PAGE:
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It is that time of year again when the good folks over at the Preacher’s Institute are encouraging Orthodox Christian priests to blog for 30(40) days during the Nativity Fast. I have endeavored to participate the last two years and have found the exercise to be quite productive, even if the audience is small. I have also been grossly negligent of this particular corner of the blogosphere, so this is an opportunity for me to correct that failure.

Recently, I participated in an interfaith spiritual retreat on the campus of Milliken University. I was asked to be on a panel with representatives from a wide variety of faith backgrounds to discuss the question: What is Spirituality? As an Orthodox Christian, I cannot answer this question without first answering the question: Who is God?

The Orthodox Church has long had a tradition of answering this latter question with dogma — brief summary statements about what God has revealed about Himself to us. One such statement that all Orthodox Christians are quite familiar with is the Nicene Creed. For the purposes of defining spirituality, I wish to concentrate on another famous dogmatic statement: God is one in essence and in three persons (hypostasis).

The characteristics that differentiates these three persons are that God the Father is Unbegotten, God the Son is Begotten and God the Spirit Proceeds. In His procession, the Holy Spirit is the contact point for humanity with God — He is the source of our communion with God.

When God created humanity:

The Lord God formed man from the dust of the ground, and breathed into his nostrils the breath of life; and the man became a living being (Gen. 2:7).

The word spirit also means breath, or wind. Thus, we were created by God breathing His Spirit in us.

It is the Holy Spirit that inspired the men and women that wrote, translated and redacted the OT. It was the Holy Spirit that descended upon the Virgin Mary at the conception of Christ. It was the Holy Spirit that descended upon Christ at His baptism. It was the Holy Spirit that led Christ into the desert for forty day in preparation for His earthly ministry. It was the Holy Spirit that descended upon the Apostles as tongues of fire at Pentecost. It is the Holy Spirit Himself with which every Orthodox Christian is sealed with at their chrismation. It is the Holy Spirit that descends upon the gifts to make them the Body and Blood of Christ.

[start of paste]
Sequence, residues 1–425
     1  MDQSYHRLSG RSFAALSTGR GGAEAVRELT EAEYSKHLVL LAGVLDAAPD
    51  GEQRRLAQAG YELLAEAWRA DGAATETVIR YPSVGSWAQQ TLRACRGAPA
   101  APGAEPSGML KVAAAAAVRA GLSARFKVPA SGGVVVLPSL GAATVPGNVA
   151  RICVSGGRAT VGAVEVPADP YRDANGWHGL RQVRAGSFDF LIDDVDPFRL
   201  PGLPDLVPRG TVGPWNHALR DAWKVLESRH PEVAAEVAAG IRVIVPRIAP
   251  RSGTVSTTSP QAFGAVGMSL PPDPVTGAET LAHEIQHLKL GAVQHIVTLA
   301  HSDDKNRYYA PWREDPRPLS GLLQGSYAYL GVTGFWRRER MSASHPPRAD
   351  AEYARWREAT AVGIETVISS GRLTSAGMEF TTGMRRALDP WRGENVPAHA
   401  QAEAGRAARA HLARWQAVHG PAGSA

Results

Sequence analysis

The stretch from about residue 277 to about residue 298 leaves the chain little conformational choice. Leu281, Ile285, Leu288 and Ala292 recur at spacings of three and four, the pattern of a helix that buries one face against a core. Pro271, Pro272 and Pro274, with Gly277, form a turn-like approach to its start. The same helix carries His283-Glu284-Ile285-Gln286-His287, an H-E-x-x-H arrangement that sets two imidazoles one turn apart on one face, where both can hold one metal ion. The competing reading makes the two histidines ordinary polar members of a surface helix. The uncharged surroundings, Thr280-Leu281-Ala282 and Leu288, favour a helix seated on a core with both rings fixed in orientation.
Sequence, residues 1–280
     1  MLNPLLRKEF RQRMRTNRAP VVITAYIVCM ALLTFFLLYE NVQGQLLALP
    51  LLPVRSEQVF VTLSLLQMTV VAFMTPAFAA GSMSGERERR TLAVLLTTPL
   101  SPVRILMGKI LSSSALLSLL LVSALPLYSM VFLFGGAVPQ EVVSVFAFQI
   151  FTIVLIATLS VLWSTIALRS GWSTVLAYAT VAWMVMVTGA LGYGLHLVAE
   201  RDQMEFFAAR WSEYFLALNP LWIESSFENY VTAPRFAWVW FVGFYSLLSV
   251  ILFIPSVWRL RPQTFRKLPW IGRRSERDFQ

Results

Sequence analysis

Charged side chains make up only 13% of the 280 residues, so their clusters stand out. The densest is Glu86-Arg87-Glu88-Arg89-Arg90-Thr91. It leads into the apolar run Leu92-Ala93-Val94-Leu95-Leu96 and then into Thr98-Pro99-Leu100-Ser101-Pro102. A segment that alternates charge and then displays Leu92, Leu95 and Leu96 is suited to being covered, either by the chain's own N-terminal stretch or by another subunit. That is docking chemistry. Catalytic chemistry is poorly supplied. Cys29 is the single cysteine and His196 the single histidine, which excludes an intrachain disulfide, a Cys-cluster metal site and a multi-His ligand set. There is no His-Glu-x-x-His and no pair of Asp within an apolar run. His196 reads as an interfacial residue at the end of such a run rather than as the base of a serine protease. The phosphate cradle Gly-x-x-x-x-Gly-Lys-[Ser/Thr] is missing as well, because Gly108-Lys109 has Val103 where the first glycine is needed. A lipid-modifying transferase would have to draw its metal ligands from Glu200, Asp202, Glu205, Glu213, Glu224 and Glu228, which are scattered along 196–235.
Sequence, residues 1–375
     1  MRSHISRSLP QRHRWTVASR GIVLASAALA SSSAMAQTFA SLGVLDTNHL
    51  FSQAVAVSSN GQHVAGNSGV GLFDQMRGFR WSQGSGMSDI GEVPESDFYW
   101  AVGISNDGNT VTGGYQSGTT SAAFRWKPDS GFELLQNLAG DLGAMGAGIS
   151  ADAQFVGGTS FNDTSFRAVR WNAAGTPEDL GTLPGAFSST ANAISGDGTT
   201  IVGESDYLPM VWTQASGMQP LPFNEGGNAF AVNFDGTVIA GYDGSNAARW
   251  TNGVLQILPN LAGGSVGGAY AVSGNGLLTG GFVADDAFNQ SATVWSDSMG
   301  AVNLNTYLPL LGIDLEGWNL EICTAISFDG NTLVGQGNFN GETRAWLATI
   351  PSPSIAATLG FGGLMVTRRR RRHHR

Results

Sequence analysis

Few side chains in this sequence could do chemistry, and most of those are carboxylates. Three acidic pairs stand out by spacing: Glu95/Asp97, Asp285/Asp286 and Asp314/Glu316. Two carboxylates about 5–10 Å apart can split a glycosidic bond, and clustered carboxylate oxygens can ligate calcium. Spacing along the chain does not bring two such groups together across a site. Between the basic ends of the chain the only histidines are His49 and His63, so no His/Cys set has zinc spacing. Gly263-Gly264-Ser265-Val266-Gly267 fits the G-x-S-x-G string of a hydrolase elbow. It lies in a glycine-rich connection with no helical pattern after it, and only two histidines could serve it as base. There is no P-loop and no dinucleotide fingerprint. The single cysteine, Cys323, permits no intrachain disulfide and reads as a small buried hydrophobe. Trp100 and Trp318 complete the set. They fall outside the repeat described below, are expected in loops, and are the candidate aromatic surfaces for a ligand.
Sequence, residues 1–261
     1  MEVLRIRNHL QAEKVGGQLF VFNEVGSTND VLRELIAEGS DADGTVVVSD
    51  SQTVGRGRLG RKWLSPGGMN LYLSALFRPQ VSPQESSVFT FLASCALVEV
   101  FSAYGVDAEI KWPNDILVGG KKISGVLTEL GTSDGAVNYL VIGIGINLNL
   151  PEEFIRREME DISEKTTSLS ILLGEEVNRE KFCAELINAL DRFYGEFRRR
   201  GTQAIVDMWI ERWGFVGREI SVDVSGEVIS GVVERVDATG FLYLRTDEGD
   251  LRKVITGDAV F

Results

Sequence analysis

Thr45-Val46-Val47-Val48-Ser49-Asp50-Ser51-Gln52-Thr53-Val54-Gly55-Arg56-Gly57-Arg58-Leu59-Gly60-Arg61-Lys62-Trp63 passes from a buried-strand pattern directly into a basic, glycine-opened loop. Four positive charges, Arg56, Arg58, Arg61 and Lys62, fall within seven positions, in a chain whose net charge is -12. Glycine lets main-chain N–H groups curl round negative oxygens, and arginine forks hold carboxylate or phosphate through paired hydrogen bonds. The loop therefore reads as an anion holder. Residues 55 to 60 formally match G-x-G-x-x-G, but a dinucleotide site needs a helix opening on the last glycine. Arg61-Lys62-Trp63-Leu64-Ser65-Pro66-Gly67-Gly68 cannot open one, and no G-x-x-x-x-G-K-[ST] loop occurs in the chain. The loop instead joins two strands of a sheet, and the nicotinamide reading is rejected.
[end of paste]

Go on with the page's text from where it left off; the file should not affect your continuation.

Therefore, spirituality — given its root in the word spirit — is living a life participating with and in the Holy Spirit. This, of course, is most fully accomplished in context of the life of the Church.

This might seem a strange approach to begin a series of blog posts in preparation for the Nativity; however, we must remember that without the Holy Spirit there is no Incarnation. In addition, I believe that the Holy Spirit is the most misunderstood and neglected person of the Trinity in modern Christendom (particularly here in the United States). Therefore, I would like to explore the person of the Holy Spirit, especially in context of the Incarnation.

To that end, as I have done the last two years, I will be spending time with one of the Fathers of the Church. When it comes to treatises on the Holy Spirit, there are several famous examples to choose from — On the Holy Spirit by St. Basil, for example. As is my want, however, I have used this time to get to know St. Leo the Great and St. Gregory Palamas — not exactly the first guys that come to mind when one starts to list famous fathers of the Church. As such, I will be reading and writing about the Three Books On the Holy Spirit by St. Ambrose of Milan. I pray that this path proves as edifying for you as I hope it is for me. Amen.